The Top 25 Under 25 is a collaboration by members of the Mile High Hockey community. Eight writers and 320 readers ranked players under the age of 25 as of September 1, 2018 in the Colorado Avalanche organization. Each participant used their own metric of current ability and production against future projection to rank each player. Now, we’ll count down each of the 25 players ranked.
A.J. Greer, the resident tough guy of the Colorado Avalanche talent pool, played in 17 games at the NHL level in the 2017-18. He played college at Boston University and was drafted in the second round in 2015 (a pick acquired in the Ryan O’Reilly trade). Greer is a large, young man — 6-foot-3 and 205 pounds — who will be turning 22 this December.
In his time with the Avalanche last year, Greer played exclusively on the fourth line as a scrappy power forward. Given his role, the numbers were predictably not great. His Corsi for was just 39.9 percent despite playing pretty sheltered minutes (50.7 percent offensive zone start rate). His averaged 7:24 of ice time per game.
Across his 17 contests, Greer didn’t score a goal, tallied three assists, and recorded 30 hits and 13 shots. Perhaps his most memorable moment of the season came on February 16 in Winnipeg, when he received a faceful of fist, courtesy of Dustin Byfuglien.
But that was the role Greer was asked to fill when he played at the NHL level. He shouldn’t be looked upon as a goon just because of how he was utilized last season. Look at Tom Wilson of the Capitals. Same size, similar skillset to A.J. Greer. He broke into the league at a young age and was used almost immediately as a high energy, checking enforcer. This past year, he was elevated to higher role and now he’s a first-liner on a Stanley Cup champion.
While his time with the Avalanche was underwhelming, there’s plenty of evidence to Greer’s upside based on his performance with the Rampage over the last two seasons and with Boston University prior to that.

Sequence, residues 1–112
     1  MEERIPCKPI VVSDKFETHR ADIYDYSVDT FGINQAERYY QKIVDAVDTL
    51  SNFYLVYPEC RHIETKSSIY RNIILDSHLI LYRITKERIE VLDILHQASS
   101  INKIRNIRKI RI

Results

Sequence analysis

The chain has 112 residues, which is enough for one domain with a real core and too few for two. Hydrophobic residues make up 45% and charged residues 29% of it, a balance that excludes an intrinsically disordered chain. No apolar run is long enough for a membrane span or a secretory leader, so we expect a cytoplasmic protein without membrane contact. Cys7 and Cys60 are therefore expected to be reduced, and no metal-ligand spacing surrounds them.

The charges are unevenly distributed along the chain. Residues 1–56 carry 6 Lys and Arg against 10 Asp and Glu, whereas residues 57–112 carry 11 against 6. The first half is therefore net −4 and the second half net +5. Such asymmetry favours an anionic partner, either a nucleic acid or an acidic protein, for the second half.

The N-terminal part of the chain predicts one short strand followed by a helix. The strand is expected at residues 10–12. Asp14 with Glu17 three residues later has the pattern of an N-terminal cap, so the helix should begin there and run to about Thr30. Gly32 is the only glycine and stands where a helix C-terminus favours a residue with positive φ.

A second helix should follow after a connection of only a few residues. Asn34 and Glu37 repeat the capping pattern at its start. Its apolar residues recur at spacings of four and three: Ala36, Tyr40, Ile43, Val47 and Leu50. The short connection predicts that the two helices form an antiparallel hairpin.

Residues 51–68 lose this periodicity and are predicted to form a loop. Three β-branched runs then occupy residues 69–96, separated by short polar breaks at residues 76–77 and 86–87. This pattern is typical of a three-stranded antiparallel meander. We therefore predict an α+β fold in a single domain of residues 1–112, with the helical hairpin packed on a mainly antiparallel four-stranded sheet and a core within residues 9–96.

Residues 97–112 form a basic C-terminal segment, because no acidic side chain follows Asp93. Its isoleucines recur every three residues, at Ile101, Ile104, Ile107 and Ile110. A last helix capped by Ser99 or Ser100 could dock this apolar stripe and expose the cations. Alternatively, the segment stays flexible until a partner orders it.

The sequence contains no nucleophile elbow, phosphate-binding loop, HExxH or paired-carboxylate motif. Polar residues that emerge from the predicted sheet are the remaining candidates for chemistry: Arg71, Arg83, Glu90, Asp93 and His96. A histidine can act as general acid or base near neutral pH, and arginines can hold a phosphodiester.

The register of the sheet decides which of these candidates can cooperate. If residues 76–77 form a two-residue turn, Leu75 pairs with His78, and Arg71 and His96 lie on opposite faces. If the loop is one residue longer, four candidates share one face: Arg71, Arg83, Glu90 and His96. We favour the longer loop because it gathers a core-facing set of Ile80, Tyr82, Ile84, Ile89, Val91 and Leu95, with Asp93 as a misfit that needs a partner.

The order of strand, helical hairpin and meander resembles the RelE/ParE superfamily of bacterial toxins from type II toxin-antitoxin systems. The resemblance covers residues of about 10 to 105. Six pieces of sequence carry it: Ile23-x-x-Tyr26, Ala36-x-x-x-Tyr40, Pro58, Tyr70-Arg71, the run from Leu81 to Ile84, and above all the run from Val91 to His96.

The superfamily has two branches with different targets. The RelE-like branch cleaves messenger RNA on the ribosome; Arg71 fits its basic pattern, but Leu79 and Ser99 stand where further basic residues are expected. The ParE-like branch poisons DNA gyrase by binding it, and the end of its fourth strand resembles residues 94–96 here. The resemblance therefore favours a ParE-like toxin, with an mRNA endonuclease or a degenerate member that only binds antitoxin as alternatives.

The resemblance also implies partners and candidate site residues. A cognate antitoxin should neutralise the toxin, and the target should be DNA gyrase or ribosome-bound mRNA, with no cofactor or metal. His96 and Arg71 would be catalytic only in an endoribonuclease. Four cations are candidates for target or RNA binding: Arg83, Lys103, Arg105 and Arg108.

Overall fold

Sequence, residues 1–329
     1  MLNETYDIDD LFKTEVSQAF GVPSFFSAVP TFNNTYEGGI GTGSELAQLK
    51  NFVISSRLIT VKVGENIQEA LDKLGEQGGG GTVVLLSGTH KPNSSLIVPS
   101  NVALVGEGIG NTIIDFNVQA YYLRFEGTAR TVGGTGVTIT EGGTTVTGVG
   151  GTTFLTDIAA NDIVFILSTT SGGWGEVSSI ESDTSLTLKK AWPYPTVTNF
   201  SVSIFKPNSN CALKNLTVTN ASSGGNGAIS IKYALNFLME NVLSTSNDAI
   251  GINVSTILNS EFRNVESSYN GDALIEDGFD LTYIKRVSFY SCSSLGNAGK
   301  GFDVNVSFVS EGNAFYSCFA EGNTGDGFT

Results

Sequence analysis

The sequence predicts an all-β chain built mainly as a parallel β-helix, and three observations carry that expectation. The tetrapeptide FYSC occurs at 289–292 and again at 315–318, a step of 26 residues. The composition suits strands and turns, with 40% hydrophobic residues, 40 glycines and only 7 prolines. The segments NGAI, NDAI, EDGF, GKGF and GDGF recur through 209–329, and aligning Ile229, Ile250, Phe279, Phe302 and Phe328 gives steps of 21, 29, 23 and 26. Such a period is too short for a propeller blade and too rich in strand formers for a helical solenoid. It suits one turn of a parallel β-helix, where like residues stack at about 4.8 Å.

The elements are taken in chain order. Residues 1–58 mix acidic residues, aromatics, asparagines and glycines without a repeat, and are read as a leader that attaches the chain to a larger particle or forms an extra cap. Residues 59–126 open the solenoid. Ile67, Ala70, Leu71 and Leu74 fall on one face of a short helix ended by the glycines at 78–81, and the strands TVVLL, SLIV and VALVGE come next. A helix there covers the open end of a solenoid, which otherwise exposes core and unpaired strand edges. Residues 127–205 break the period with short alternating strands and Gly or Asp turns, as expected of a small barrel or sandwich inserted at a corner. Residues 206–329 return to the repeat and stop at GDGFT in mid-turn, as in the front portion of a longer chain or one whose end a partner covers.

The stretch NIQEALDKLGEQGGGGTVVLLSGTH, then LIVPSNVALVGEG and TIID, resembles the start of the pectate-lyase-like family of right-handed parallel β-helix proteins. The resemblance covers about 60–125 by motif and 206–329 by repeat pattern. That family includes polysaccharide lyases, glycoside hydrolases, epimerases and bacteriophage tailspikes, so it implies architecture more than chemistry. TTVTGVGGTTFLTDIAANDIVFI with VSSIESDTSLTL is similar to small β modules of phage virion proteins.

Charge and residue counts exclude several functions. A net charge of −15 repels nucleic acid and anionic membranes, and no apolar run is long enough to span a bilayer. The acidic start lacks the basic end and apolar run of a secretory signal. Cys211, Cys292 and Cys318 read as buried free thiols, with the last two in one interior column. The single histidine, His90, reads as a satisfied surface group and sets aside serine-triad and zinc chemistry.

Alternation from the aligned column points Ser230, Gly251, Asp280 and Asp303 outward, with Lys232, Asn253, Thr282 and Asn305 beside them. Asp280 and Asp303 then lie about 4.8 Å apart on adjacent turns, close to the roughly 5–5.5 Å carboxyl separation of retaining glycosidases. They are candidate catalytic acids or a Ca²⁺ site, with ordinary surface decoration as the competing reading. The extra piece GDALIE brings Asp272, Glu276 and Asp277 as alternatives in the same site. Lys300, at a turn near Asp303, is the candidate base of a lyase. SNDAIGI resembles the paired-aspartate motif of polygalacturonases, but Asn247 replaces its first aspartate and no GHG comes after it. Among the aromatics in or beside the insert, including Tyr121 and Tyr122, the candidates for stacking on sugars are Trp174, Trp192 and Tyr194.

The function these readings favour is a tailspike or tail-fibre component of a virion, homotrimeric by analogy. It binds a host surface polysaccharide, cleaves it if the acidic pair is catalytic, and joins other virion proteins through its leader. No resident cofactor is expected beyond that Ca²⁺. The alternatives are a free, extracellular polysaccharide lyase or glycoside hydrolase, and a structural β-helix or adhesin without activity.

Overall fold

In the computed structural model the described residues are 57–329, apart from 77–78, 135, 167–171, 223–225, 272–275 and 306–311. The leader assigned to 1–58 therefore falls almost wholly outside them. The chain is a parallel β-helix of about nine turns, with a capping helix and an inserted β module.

With the Rampage over the last two games, Greer totalled 51 points in 98 games, a solid scoring output given his limited power play time. On the Terriers prior to that, he scored a less-noteworthy 12 points in 55 career games.
One Boston-area journalist who covered Boston University during Greer's tenure, Marisa Ingemi, called the forward "surprisingly fast" with "good hands around the net."
Avalanche fans should consider Greer's future as a second or third line power forward who can act as a significant net-front presence. He'll never be a major possession driver nor playmaker, but the NHL has a place for players with his kind of size and speed. In 2018-19, Greer will again be a fringe NHL player with an opportunity to earn a full-time spot. He has an attitude and passion for the game (with a potential to get under other teams' skins and undermine them psychologically) that would be much appreciated on the Avs.
I'd like to see Greer get more NHL time this year, but perhaps with some skilled linemates to show the impact he can make as a scrapper in front of the net, getting rebounds and deflections. You can't teach size, and he has a lot of it.